Buzz-pollination: The Secret Handshake Between Flowers and Bees
Fields covered: Ecology
Pollination is one of the most important interactions between plant and animal species. Flowering plants rely on animals to transfer pollen from one flower to another, leading to fertilization and production of fruits and seeds, while the animals feed on the nectar and some of the pollen from the flowers. The animals that transfer pollen are called pollinators and they could be insects such as bees, flies, and butterflies, or even birds and bats! However, random visitations of pollinators to flowers are not efficient transferring pollen between plants of the same species. To make things worse, there are pollen thieves—animals that take pollen from flowers without acting as pollinators—which decrease the amount of pollen available to legitimate pollinators. To increase pollination efficiency by attracting specific types of pollinators and reducing pollen access to others, over 20,000 plant species have evolved a “secret handshake” with certain bee species—buzz-pollination.
Flowers involved in buzz-pollination generally have poricidal anthers, which means the anthers have slits at the tips where pollen inside the anther is released (imagine an upside-down bottle of talcum powder). Insects that do not buzz-pollinate can only get small amounts of pollen by probing around the slits. On the other hand, buzz-pollinators such as certain groups of bees (bumblebees, carpenter bees, and stingless bees etc.) cling onto the anthers, grab the base of the anthers with their mandibles, and contract their thoracic muscles to create vibrations. The vibrations shake pollen grains from the anthers, which are then collected by the bees. By restricting pollen access to buzz-pollinators, plants are able to reduce pollen wastage and maximize pollen transfer to flowers of the same species.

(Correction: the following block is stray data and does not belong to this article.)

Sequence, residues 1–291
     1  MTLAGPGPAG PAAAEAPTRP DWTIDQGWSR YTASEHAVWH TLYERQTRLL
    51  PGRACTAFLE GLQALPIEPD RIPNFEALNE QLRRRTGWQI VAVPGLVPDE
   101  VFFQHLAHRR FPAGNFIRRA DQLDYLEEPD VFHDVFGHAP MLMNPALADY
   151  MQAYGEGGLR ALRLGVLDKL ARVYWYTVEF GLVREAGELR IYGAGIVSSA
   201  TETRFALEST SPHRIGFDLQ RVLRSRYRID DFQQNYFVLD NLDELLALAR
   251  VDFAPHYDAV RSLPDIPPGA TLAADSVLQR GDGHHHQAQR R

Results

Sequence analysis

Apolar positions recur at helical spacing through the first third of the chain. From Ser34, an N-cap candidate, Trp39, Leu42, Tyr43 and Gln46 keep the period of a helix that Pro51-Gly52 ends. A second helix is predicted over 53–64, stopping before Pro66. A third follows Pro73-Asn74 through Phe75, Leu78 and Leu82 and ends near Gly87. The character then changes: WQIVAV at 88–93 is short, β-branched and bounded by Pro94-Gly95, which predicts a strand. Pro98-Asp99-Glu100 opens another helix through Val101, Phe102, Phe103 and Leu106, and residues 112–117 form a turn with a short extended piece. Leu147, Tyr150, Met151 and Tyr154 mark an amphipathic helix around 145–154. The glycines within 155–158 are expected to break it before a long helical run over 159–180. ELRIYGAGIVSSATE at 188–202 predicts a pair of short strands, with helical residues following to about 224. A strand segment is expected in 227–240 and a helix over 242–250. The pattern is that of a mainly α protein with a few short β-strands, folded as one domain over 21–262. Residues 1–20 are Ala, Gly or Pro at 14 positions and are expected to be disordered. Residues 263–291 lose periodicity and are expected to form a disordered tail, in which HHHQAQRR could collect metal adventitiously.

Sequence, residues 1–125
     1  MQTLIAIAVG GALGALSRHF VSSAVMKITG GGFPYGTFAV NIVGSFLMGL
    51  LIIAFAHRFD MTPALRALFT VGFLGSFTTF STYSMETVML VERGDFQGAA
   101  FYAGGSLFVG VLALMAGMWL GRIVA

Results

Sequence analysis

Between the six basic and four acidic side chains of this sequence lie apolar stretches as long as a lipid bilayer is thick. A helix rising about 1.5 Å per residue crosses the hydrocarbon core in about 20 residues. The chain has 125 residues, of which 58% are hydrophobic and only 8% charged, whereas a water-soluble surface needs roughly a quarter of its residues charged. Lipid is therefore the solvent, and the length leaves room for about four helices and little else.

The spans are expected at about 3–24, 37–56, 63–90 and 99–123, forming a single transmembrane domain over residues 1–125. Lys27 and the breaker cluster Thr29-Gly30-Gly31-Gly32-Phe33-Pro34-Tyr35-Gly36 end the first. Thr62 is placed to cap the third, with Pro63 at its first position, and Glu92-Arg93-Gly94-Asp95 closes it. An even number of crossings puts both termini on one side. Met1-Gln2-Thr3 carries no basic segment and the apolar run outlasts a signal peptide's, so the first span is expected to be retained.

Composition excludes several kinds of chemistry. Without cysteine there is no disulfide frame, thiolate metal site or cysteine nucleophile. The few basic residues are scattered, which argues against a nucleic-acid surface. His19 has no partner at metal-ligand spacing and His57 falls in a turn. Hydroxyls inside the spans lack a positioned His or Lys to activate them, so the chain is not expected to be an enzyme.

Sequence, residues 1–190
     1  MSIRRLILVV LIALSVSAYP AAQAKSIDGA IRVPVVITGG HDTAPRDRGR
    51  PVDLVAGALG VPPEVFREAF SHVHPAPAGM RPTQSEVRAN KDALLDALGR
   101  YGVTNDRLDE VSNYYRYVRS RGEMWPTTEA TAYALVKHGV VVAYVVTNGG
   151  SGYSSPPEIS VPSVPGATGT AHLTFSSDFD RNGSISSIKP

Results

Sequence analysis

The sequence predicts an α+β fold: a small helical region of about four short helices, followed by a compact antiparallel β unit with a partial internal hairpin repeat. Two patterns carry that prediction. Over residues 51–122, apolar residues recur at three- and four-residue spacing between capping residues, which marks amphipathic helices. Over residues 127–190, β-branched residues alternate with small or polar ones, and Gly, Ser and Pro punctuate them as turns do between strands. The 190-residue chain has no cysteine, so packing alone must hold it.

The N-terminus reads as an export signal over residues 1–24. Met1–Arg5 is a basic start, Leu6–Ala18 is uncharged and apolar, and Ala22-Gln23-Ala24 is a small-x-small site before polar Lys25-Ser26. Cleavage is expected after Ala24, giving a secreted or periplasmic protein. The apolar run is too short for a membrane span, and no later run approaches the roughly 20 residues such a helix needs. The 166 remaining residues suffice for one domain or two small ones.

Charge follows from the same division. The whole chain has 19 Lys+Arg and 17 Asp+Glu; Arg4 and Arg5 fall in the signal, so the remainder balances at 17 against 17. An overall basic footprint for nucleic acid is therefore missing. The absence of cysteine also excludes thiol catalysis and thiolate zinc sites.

Research into buzz-pollination showed that buzzes with larger amplitude and longer durations ejected more pollen. Furthermore, bees with larger mass can create buzzes with higher amplitudes, leading to better pollen collection yields, which suggests that there could be evolutionary advantages for increased mass in buzz-pollinators. Another study showed that rather than limiting pollen access by having poricidal anthers, certain plants evolved to have closed flowers, where the sepals of the flowers do not open at maturity. The flowers remain closed like a bud and thus only buzz-pollinators are able to obtain pollen from them.
Buzz-pollination shows an interesting variation of typical plant-pollinator interactions. Next time you see a bee pollinating a flower, take a closer look, it could be a professional buzz-pollinator!
Armbruster, W. S., Lee, J., Edwards, M. E., & Baldwin, B. G. (2013). Floral paedomorphy leads to secondary specialization in pollination of Madagascar Dalechampia (Euphorbiaceae). Evolution: International Journal of Organic Evolution, 67(4), 1196-1203.
Buchmann, S. L. (1983). Buzz pollination in angiosperms. Buzz pollination in angiosperms., 73-113.
De Luca, P. A., & Vallejo-Marin, M. (2013). What’s the ‘buzz’ about? The ecology and evolutionary significance of buzz-pollination. Current opinion in plant biology, 16(4), 429-435.
De Luca, P. A., Bussiere, L. F., Souto-Vilaros, D., Goulson, D., Mason, A. C., & Vallejo-Marín, M. (2013). Variability in bumblebee pollination buzzes affects the quantity of pollen released from flowers. Oecologia, 172(3), 805-816.